### Abstract

An expression for the amplitude of stable steady self‐oscillatory solutions for the inverted bifurcation is obtained by applying bifurcation theory to the BVP equation, which is a model describing nerve excitations. Up to the fifth‐power term with respect to the amplitude is included in the calculation, assuming that the amplitude of the steady self‐oscillatory solution is of small order. The obtained expression for the inverted‐bifurcation can continuously be transformed, leading to an expression for the normal‐bifurcation by merely varying one parameter. Further, utilizing that expression and employing the reductive perturbation method in which the amplitude is regarded as an infinitesimal parameter, an expression describing the relaxation phenomenon in the neighborhood of the stable steady solution is derived for the inverted‐bifurcation as well as for the normal‐bifurcation, the nature of which is close to that of the inverted‐bi‐furcation. Since this expression has the form of the usual time‐dependent Ginzburg‐Landau(TDGL) equation and an additional term, the behavior of those bifurcations which considerably differ from the usual normal‐bifurcation can well be described by the derived expression.

Original language | English |
---|---|

Pages (from-to) | 1-10 |

Number of pages | 10 |

Journal | Electronics and Communications in Japan (Part I: Communications) |

Volume | 64 |

Issue number | 9 |

DOIs | |

Publication status | Published - Jan 1 1981 |

### All Science Journal Classification (ASJC) codes

- Computer Networks and Communications
- Electrical and Electronic Engineering

### Cite this

*Electronics and Communications in Japan (Part I: Communications)*,

*64*(9), 1-10. https://doi.org/10.1002/ecja.4410640902

**Application of bifurcation theory to nerve excitations.** / Toko, Kiyoshi; Nitta, Junsaku; Urahama, Kiichi; Yamafuji, Kaoru.

Research output: Contribution to journal › Article

*Electronics and Communications in Japan (Part I: Communications)*, vol. 64, no. 9, pp. 1-10. https://doi.org/10.1002/ecja.4410640902

}

TY - JOUR

T1 - Application of bifurcation theory to nerve excitations

AU - Toko, Kiyoshi

AU - Nitta, Junsaku

AU - Urahama, Kiichi

AU - Yamafuji, Kaoru

PY - 1981/1/1

Y1 - 1981/1/1

N2 - An expression for the amplitude of stable steady self‐oscillatory solutions for the inverted bifurcation is obtained by applying bifurcation theory to the BVP equation, which is a model describing nerve excitations. Up to the fifth‐power term with respect to the amplitude is included in the calculation, assuming that the amplitude of the steady self‐oscillatory solution is of small order. The obtained expression for the inverted‐bifurcation can continuously be transformed, leading to an expression for the normal‐bifurcation by merely varying one parameter. Further, utilizing that expression and employing the reductive perturbation method in which the amplitude is regarded as an infinitesimal parameter, an expression describing the relaxation phenomenon in the neighborhood of the stable steady solution is derived for the inverted‐bifurcation as well as for the normal‐bifurcation, the nature of which is close to that of the inverted‐bi‐furcation. Since this expression has the form of the usual time‐dependent Ginzburg‐Landau(TDGL) equation and an additional term, the behavior of those bifurcations which considerably differ from the usual normal‐bifurcation can well be described by the derived expression.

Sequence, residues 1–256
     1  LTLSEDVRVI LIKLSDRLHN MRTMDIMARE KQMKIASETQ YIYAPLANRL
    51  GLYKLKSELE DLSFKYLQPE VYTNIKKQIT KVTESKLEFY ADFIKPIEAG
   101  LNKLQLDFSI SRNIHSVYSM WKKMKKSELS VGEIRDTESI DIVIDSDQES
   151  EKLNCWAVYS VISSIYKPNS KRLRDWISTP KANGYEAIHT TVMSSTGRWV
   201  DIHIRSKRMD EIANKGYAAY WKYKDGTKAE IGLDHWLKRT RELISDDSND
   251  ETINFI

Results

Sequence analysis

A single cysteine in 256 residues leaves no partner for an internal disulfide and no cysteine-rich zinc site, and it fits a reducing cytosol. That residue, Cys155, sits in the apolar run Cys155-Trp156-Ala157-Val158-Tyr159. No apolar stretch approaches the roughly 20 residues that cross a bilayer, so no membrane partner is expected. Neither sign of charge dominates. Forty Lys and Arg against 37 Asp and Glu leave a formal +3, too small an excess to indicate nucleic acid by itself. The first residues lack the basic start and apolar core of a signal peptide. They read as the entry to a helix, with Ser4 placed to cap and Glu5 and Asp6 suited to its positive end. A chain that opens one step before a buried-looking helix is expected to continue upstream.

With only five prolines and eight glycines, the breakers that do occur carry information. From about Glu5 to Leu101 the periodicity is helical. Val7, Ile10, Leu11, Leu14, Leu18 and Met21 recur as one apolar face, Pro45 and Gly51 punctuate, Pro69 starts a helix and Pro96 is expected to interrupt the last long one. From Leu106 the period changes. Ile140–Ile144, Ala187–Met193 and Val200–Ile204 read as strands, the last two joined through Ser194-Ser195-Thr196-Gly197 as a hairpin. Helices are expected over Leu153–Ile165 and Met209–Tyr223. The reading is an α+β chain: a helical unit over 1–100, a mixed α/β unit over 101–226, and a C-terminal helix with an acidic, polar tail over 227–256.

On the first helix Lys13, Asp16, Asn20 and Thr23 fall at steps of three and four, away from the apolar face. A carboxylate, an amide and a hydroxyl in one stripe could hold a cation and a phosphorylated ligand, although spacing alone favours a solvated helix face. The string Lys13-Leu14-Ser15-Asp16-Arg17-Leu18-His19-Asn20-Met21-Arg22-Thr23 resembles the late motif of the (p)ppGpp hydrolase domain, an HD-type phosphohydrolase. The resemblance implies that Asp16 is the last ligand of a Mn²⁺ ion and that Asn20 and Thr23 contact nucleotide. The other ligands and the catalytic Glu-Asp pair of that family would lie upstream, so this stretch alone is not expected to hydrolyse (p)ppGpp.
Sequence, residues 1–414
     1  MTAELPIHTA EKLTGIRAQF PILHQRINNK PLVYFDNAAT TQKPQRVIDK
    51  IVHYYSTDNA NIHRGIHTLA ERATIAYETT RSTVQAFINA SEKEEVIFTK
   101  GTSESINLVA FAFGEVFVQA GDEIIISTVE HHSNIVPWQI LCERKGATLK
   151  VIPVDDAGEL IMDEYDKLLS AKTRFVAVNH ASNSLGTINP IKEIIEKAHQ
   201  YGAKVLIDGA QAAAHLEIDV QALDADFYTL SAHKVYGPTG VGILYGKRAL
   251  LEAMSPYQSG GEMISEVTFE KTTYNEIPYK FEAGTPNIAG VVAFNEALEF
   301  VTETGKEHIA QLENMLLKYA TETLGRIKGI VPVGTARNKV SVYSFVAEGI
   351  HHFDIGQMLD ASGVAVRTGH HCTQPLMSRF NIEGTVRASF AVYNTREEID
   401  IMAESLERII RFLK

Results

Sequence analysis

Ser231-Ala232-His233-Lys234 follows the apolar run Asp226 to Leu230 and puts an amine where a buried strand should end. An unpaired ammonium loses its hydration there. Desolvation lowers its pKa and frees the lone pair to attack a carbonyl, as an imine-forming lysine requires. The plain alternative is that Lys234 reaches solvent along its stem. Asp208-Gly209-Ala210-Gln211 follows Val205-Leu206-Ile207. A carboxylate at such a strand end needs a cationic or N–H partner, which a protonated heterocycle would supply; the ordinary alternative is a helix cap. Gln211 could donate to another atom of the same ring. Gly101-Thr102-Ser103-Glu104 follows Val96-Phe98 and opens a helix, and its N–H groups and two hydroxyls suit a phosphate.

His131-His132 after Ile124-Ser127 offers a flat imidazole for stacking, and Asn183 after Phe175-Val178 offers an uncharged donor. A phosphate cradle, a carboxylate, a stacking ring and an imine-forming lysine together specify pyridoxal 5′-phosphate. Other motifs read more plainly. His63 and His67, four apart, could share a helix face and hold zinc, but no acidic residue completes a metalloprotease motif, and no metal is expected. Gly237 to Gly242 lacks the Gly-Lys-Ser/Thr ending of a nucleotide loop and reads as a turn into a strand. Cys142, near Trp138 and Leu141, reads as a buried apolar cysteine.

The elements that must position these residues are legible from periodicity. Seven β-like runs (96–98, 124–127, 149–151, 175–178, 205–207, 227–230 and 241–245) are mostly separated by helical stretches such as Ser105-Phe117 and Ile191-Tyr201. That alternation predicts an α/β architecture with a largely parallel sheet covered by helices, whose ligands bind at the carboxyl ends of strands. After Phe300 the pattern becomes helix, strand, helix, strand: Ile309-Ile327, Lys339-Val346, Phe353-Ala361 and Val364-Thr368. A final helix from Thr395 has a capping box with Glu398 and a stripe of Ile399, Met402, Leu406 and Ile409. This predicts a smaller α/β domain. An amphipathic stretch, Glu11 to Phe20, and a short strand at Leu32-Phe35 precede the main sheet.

AB - An expression for the amplitude of stable steady self‐oscillatory solutions for the inverted bifurcation is obtained by applying bifurcation theory to the BVP equation, which is a model describing nerve excitations. Up to the fifth‐power term with respect to the amplitude is included in the calculation, assuming that the amplitude of the steady self‐oscillatory solution is of small order. The obtained expression for the inverted‐bifurcation can continuously be transformed, leading to an expression for the normal‐bifurcation by merely varying one parameter. Further, utilizing that expression and employing the reductive perturbation method in which the amplitude is regarded as an infinitesimal parameter, an expression describing the relaxation phenomenon in the neighborhood of the stable steady solution is derived for the inverted‐bifurcation as well as for the normal‐bifurcation, the nature of which is close to that of the inverted‐bi‐furcation. Since this expression has the form of the usual time‐dependent Ginzburg‐Landau(TDGL) equation and an additional term, the behavior of those bifurcations which considerably differ from the usual normal‐bifurcation can well be described by the derived expression.

UR - http://www.scopus.com/inward/record.url?scp=0019611784&partnerID=8YFLogxK

UR - http://www.scopus.com/inward/citedby.url?scp=0019611784&partnerID=8YFLogxK

U2 - 10.1002/ecja.4410640902

DO - 10.1002/ecja.4410640902

M3 - Article

AN - SCOPUS:0019611784

VL - 64

SP - 1

EP - 10

JO - Electronics and Communications in Japan, Part I: Communications (English translation of Denshi Tsushin Gakkai Ronbunshi)

JF - Electronics and Communications in Japan, Part I: Communications (English translation of Denshi Tsushin Gakkai Ronbunshi)

SN - 8756-6621

IS - 9

ER -